7 Ways to Introduce Maps in Your Kid’s Life

How to introduce maps in your kid’s life?

introduce maps in kids' life

Image by Ben Kerckx from Pixabay

Kids are always eager to learn something new each day. And, maps are part of the fundamental learning tools for the kids. We know that GPS and compasses are part of today’s life. But map reading skills are vital to everyone, including children. With a map, your kid can identify the exact place they are with landmarks. The information will help them in case they lose their way home – I hope they do not. This article tackles the map reading essentials for kids and how you can help them learn quickly.

Map reading skills are also necessary to improve your kid’s outdoor activities. They can use a map to locate different places in the area so that they can achieve their tasks and goals. When introducing your kids to maps, it is essential to do everything right from the beginning. In this way, you not only help them learn faster but also avoid causing confusions.

Here are seven things to consider when teaching your children to read maps.

Teach your kid primitive mapping

Before your kid learns what a map is and how to read it, let them study the room and things around. Then ask them to draw the things they see on a piece of paper. Use their drawings to introduce them to map reading.

The drawing stage aims to let your kid know that a map is a drawing presentation of the things they see around. You can help them map things they see around the home like their room or the compound – including the animals, houses, cars, people, and anything they can see. Tell them to draw each item where it appears.

Start off with small maps

I know you want your kids to see every section and physical features on the entire globe. But you forget that they are not skilled yet. They cannot achieve the goal in the first move.

To introduce map reading to your kids, start with a small map section. You can start with a map showing the surrounding, places near home, or your estate. With this, they will learn faster to identify the things they see around on the map.

As they read the maps, they will see some of the places they know, and they can find similar places easily when they start reading larger maps.

Teach them to read map symbols

Maps are easy to read and use when you know the various landmarks. On the map, the landmarks and physical features appear as symbols. Some of these can appear on the map key. But if the map does not come with a key, you have to teach your kid to identify the places with the symbols.

Landmarks like churches, schools, and hospitals are easy to find on a map. But remember that without a physical encounter, it may be hard for the kid to comprehend the information. To start you off, get a small section of the neighbourhood on the map with symbols.

Plan a trip around so that the kid can see the places represented on the map. Do an overview with your child from home before you go out. When you start touring the neighbourhood, show them the places and their representation on the maps.

Keep the compass at home

I know you want your kid to start learning right away the direction from point A to B. But on the initial stages of map reading, a compass will be a distraction instead of a learning tool. The kid would want to see the needle moving, and they will not concentrate on the map.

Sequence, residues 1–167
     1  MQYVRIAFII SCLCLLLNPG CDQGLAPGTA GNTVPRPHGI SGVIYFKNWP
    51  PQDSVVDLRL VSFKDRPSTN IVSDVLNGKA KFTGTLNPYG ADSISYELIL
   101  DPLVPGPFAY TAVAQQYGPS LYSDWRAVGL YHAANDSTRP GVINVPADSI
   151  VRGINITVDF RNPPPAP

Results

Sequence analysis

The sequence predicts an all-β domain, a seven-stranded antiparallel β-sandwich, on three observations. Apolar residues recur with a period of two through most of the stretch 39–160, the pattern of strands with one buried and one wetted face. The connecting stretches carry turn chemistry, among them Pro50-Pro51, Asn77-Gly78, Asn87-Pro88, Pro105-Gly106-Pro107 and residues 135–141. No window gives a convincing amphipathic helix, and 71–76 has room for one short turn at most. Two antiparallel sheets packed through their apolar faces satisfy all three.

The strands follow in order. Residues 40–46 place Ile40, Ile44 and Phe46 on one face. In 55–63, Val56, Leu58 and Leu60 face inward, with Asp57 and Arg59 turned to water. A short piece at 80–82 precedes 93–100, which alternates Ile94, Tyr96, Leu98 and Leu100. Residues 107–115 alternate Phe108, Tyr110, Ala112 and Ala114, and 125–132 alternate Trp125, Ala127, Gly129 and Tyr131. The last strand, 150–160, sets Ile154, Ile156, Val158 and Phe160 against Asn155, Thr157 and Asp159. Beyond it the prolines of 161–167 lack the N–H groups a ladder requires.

The goal of map reading in the first stages is that your kid understands how to identify places and features on a map. Once they are through the stage, you can introduce the compass and explain its function.

The kid should learn to use a compass to know the direction they should follow to get to another place they can identify on the map. In short, a compass is necessary for directions but not the identification of places on the map.

Explain the contour lines

When teaching the kid about the appearance of physical features on the map, they may want to understand those lines that run around and across the map. And it is necessary for them to know why the lines exist on a map. But teaching about them may not be as easy as they seem.

One of the approaches you can use to introduce contour lines is to draw a hill on a piece of paper, then present them with a photograph of the ground you have taken from above, then let them try to “look” at the hill from above.

Then you can explain how the contour lines indicate places with the same altitude – yet they do not exist physically. Learning to read contour lines will help your kids to know the hilly places on the map and where to expect a valley, river, and other features.

Go out together

Once your kid learns to read the map, they need to go out and experience what they have learned. It is futile to teach a kid what they cannot see because it will not help them to understand the environment.

Plan on an outdoor activity day and go around reading the map with your kid and identifying places. It could be helpful if you also explain to them what happens at the various points that appear on the map.

Make use of your travel time

It is a wonderful experience going out with your kids on a picnic or tour. But have you thought of using the opportunity to expand the map reading skills for your kid? The time you spend outside together can help your kid learn a lot.

You can plan the trip together and show them the routes or roads you will follow. Show the kid the landmarks they will come across on the way, and they will be glad when they reach the places. A map is a great gift you can get for your kids so that they can mark the places they want to see while learning.


Map reading is essential for young people. You should introduce your kids to reading maps as soon as they can identify things. But take them at a slow pace to avoid confusing or overwhelming them. They cannot comprehend so much information in a single session.

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